The posterior cruciate ligament or PCL, is one of the two ligaments inside the knee that stabilizes the knee to posterior translations. The word “cruciate” means cross, and the PCL crosses the anterior cruciate ligament or ACL in the center of the knee.
Injuries to the PCL are much less common as compared to the the ACL. The injury usually occurs from a direct blow to the anterior aspect of the knee, either from the dashboard during a motor vehicle accident, or a fall directly onto the flexed knee, which often occurs during sports. The PCL can also tear with a forceful hyperextension injury to the knee.
The PCL can rupture mid-substance, but can also stretch and tear internally without complete rupture of the fibers. The PCL can also avulse from the posterior attachment and pull off a small fragment of bone.
PCL injuries can occur in isolation but often there are other ligamentous injuries, including injuries to the collateral ligaments and ACL. Isolated PCL tears are usually treated conservatively with physical therapy, bracing, and eventual return to athletic activities. It has been estimated that 3-5% of NFL football players have a PCL injury!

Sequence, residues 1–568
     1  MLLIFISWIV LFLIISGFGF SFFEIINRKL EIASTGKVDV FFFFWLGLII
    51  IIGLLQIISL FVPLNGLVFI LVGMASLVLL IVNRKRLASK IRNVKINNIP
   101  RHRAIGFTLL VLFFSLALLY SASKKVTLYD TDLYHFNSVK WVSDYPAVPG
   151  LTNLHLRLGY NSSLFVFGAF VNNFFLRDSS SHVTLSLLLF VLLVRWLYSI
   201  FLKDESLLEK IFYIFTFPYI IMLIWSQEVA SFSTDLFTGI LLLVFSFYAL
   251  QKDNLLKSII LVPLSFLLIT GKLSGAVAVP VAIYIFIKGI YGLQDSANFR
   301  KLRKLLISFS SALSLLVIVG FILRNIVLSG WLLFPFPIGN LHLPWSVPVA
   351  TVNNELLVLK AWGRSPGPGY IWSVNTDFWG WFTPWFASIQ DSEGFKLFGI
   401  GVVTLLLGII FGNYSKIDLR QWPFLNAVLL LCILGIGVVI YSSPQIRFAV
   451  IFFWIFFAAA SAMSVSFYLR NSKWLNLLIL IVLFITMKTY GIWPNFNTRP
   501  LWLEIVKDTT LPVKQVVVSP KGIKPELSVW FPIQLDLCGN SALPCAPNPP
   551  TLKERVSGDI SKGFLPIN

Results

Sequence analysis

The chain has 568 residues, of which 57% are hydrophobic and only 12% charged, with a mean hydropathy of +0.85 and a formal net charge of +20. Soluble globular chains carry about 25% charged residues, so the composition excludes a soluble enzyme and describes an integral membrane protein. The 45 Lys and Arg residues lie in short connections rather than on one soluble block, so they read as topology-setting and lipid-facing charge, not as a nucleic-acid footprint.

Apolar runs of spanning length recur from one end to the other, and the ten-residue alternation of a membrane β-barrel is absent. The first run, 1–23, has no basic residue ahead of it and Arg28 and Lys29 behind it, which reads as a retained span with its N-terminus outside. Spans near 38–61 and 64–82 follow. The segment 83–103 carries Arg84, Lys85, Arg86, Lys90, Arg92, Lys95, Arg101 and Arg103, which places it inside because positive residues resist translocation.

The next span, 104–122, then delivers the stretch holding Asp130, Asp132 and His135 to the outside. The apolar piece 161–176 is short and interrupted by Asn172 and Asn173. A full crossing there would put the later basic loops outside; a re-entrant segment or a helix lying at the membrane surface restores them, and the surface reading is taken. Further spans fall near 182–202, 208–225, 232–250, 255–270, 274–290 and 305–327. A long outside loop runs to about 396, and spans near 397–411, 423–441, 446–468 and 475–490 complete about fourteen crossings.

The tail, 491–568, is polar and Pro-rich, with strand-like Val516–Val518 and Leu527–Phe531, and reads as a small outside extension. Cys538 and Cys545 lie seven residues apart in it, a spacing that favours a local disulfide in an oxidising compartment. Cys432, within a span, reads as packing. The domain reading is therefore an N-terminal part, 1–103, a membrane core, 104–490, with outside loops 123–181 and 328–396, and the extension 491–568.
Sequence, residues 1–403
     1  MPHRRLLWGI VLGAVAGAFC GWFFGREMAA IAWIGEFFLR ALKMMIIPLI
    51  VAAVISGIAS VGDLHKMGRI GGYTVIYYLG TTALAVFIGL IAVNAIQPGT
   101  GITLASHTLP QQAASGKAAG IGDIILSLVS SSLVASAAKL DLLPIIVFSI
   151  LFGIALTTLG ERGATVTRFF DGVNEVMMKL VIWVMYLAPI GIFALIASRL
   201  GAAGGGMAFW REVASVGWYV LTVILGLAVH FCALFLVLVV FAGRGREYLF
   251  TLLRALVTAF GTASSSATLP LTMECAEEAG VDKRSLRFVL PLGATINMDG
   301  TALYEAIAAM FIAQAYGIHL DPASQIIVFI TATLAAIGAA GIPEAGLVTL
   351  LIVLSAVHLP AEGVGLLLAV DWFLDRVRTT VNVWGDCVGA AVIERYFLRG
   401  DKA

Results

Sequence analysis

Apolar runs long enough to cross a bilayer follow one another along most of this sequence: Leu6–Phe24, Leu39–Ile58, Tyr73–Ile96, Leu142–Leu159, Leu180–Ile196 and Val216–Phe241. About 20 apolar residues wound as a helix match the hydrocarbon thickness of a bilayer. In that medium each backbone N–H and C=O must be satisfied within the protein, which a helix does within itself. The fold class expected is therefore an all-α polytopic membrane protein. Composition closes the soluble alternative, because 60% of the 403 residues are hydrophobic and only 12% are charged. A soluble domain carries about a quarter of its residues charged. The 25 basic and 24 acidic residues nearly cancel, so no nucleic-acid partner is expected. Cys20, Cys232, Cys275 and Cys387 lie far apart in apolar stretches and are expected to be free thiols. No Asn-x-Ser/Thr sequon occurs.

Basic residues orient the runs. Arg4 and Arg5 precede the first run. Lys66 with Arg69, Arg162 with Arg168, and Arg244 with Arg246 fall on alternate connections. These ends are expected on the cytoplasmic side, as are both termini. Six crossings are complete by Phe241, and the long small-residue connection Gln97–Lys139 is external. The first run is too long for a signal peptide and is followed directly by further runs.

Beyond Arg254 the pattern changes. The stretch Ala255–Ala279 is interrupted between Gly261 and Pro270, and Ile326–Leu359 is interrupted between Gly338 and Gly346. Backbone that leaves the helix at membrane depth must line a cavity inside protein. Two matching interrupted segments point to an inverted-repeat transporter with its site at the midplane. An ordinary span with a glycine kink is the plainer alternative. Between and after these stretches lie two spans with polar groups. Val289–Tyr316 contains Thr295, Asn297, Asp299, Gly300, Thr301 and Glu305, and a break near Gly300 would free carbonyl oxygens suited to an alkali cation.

For combined injuries, bony avulsion injuries, and isolated PCL injuries that continue to adversely affect function, surgical options are offered. When the PCL is avulsed with a small fragment of bone, a repair is performed.
For other types of injury, the PCL cannot be repaired and a ligament reconstruction using a tendon graft ( harvested from the patient or obtained from a cadaver ) is performed.
Watch a video of a cadaveric demonstration of an arthroscopic PCL and ACL reconstruction
The rehabilitation following a PCL reconstruction is much longer than the rehabilitation following an ACL reconstruction. The time back to full sports participation is usually 9-12 months.